From education to employment

Time for government to get tough on lack of awareness about apprenticeships among pupils

Jane Hickie, Managing Director, Association of Employment and Learning Providers (AELP)

@AELPUK backs @Halfon4harlowMP Education Committee chair’s call for action 

A general lack of awareness among school-leavers about the apprenticeship opportunities available to them remains a huge issue.  With Britain in recession and youth unemployment jumping to over 540,000, it is now critical that this is properly addressed once and for all.

For those students receiving their A level results in these very challenging circumstances, they have to weigh up whether university is the right option when even in good times, only 41% of graduates are going into full-time employment, saddled with debt.  Or they might want to look at a huge range of apprenticeship choices in the manufacturing and service sectors with apprenticeship routes now available to become fully qualified in most professions.

The trouble is that far too many young people don’t know about apprenticeships because they are not told about them at school.

The government needs to do two things urgently:

Properly Enforce The Baker Clause

Firstly it must follow Commons Education Committee chair Robert Halfon’s advice, reiterated on Monday in his foreword to the Centre for Social Justice (CSJ) report, that the Baker Clause should be properly enforced. 

This legally requires all schools to inform pupils of all abilities about apprenticeship and other vocational learning opportunities that are available to them.  In the two and a half years since the clause’s introduction, the DfE’s own research and endless anecdotal evidence from apprentices, who found out about the programme through their own efforts or by chance, point to a very depressing picture of non-compliance.  It’s time for the government to get tough.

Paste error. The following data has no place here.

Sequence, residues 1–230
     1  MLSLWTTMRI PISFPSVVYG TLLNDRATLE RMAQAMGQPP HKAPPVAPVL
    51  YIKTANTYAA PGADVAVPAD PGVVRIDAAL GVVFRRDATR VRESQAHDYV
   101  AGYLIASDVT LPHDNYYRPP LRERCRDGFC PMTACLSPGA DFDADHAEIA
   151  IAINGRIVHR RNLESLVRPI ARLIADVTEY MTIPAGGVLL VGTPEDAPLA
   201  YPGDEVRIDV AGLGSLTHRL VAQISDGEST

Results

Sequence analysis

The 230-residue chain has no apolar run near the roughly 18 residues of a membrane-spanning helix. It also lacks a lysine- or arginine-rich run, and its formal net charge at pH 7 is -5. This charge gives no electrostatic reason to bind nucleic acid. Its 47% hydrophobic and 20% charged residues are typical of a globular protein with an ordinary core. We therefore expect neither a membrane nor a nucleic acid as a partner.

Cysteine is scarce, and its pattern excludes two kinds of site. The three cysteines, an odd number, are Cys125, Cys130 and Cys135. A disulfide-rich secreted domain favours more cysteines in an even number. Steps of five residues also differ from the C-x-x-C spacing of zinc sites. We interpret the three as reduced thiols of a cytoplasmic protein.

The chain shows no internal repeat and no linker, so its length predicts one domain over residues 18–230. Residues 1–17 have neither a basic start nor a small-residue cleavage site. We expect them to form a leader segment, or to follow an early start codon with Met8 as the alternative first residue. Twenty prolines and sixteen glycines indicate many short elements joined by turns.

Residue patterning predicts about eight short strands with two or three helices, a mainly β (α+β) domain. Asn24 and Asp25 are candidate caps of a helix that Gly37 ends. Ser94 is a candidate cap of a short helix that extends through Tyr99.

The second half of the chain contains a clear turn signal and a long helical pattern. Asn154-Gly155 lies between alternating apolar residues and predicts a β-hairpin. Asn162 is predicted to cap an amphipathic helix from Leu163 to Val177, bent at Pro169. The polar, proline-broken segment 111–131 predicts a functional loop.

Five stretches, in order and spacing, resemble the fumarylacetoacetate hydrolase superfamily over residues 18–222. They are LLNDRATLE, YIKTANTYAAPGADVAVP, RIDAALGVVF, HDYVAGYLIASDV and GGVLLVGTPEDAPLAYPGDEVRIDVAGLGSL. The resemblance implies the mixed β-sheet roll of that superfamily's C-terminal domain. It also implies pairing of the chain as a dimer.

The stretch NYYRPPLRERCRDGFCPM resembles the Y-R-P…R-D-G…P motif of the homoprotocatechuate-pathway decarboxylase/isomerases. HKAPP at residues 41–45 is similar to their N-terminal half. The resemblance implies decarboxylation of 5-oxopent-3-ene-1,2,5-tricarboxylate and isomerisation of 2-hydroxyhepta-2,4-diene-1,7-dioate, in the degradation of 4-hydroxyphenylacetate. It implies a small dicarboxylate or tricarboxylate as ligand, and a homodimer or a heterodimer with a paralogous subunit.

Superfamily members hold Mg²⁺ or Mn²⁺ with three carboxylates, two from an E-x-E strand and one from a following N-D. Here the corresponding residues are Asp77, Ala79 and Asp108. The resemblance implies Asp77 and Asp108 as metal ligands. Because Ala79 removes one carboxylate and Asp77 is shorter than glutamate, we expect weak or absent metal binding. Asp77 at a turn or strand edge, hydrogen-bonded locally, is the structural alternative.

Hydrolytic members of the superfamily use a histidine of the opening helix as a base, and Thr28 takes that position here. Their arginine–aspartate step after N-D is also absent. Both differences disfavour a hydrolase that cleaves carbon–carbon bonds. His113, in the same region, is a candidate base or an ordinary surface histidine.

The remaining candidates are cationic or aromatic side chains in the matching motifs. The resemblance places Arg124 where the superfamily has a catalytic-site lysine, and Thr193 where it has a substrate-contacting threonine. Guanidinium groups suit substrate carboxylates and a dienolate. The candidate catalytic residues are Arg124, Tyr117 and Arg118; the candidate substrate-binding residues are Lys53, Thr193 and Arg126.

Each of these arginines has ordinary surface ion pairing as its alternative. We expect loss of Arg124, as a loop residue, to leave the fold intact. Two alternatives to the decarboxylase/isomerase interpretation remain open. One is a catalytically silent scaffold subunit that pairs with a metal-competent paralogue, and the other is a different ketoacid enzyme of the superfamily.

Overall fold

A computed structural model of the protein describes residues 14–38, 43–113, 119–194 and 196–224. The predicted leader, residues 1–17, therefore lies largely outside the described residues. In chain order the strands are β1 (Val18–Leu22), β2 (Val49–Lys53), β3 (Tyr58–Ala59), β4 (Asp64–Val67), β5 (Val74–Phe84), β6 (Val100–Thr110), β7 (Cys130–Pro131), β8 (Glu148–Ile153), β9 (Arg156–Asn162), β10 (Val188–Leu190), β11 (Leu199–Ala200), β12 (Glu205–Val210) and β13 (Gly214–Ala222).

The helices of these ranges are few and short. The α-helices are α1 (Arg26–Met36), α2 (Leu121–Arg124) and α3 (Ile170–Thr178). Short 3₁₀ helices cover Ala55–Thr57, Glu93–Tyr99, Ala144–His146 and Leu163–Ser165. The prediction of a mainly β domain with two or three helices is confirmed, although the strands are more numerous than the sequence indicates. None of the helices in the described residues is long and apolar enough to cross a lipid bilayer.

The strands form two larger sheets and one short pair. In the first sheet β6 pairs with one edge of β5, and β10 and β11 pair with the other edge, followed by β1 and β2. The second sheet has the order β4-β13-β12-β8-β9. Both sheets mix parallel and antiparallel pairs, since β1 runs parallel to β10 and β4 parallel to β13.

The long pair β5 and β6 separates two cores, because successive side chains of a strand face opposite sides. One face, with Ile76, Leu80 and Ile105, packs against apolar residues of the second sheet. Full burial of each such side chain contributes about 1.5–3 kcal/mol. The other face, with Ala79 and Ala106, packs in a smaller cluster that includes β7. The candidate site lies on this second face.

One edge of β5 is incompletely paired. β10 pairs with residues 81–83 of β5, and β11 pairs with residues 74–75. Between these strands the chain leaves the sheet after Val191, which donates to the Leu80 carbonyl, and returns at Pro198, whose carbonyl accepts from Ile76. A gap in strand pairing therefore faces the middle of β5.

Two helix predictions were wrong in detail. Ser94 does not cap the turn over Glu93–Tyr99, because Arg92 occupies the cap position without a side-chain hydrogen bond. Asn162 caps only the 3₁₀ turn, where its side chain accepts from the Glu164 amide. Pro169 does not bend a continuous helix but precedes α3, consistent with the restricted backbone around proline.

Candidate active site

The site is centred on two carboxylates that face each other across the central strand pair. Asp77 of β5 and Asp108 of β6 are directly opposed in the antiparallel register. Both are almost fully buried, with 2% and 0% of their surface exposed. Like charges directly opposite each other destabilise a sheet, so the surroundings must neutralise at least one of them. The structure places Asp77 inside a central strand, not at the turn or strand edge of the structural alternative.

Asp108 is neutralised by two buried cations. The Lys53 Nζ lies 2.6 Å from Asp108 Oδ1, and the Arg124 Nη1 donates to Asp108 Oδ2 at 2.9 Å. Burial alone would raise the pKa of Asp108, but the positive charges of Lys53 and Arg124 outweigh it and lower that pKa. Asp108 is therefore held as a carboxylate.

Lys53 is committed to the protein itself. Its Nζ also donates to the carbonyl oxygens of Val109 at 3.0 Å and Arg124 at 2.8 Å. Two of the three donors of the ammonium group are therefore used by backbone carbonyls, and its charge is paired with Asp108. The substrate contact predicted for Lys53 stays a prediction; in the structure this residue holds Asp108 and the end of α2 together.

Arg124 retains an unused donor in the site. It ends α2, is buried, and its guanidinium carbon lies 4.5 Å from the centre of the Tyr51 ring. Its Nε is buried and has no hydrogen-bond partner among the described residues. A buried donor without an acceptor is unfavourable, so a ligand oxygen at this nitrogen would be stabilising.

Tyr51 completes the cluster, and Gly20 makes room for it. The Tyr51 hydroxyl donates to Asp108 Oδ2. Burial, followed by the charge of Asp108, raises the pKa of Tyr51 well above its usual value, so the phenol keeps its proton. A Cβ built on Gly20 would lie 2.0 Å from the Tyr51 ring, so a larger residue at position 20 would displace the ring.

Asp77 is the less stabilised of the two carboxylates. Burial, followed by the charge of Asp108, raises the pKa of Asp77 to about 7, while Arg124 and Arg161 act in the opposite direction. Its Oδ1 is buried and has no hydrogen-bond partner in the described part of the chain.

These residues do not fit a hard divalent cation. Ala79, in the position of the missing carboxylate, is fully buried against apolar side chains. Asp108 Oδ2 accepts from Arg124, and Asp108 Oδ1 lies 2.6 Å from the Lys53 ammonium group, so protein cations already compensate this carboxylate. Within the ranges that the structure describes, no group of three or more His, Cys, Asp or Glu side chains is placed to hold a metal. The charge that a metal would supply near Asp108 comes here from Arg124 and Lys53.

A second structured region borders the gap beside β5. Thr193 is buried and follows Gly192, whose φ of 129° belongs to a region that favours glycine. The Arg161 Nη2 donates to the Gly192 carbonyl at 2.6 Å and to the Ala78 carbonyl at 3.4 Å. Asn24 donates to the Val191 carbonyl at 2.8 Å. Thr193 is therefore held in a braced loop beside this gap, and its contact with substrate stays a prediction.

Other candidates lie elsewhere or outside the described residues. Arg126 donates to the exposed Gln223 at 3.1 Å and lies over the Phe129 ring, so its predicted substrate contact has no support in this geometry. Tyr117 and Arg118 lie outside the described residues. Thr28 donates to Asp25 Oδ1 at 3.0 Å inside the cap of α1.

Introduce Time-limited Wage Subsidies

Secondly, AELP questions whether the albeit welcome post-pandemic financial incentives for employers to take on new apprentices, as announced in the Chancellor’s summer statement, will be enough to generate the amount of new opportunities needed.  Like the CSJ, we believe that time-limited wage subsidies are required to really make a difference.  We hope that the Treasury is taking a hard look at this in advance of the comprehensive spending review.

The Chancellor did a great job in July by injecting £111m in traineeships.  But it wasn’t just good news because of the funding; young people qualified up to level 3 (e.g. A level), can now get some valuable training and work experience via this provenly effective programme as a stepping stone to a full-time job or an apprenticeship where they can earn while they learn.  We need to raise awareness about traineeships too.

Jane Hickie, Managing Director, Association of Employment and Learning Providers (AELP)

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